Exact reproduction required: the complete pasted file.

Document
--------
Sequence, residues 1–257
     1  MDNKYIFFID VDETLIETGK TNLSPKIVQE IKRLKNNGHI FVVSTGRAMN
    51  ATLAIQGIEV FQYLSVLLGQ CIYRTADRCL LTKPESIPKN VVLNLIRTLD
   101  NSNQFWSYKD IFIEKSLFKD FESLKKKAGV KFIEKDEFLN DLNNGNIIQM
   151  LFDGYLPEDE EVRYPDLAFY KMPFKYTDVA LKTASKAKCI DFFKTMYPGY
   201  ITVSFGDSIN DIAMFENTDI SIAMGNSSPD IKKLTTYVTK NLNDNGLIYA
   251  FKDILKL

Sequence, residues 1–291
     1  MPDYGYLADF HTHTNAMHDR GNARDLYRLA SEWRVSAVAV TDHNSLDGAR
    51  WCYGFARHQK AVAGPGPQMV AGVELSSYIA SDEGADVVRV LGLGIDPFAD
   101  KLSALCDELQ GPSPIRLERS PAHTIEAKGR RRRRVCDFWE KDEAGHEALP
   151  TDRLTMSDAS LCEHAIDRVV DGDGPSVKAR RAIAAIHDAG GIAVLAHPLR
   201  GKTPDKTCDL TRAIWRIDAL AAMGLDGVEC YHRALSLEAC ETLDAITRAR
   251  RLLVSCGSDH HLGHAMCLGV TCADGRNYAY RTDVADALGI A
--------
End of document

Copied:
Sequence, residues 1–257
     1  MDNKYIFFID VDETLIETGK TNLSPKIVQE IKRLKNNGHI FVVSTGRAMN
    51  ATLAIQGIEV FQYLSVLLGQ CIYRTADRCL LTKPESIPKN VVLNLIRTLD
   101  NSNQFWSYKD IFIEKSLFKD FESLKKKAGV KFIEKDEFLN DLNNGNIIQM
   151  LFDGYLPEDE EVRYPDLAFY KMPFKYTDVA LKTASKAKCI DFFKTMYPGY
   201  ITVSFGDSIN DIAMFENTDI SIAMGNSSPD IKKLTTYVTK NLNDNGLIYA
   251  FKDILKL

Sequence, residues 1–291
     1  MPDYGYLADF HTHTNAMHDR GNARDLYRLA SEWRVSAVAV TDHNSLDGAR
    51  WCYGFARHQK AVAGPGPQMV AGVELSSYIA SDEGADVVRV LGLGIDPFAD
   101  KLSALCDELQ GPSPIRLERS PAHTIEAKGR RRRRVCDFWE KDEAGHEALP
   151  TDRLTMSDAS LCEHAIDRVV DGDGPSVKAR RAIAAIHDAG GIAVLAHPLR
   201  GKTPDKTCDL TRAIWRIDAL AAMGLDGVEC YHRALSLEAC ETLDAITRAR
   251  RLLVSCGSDH HLGHAMCLGV TCADGRNYAY RTDVADALGI A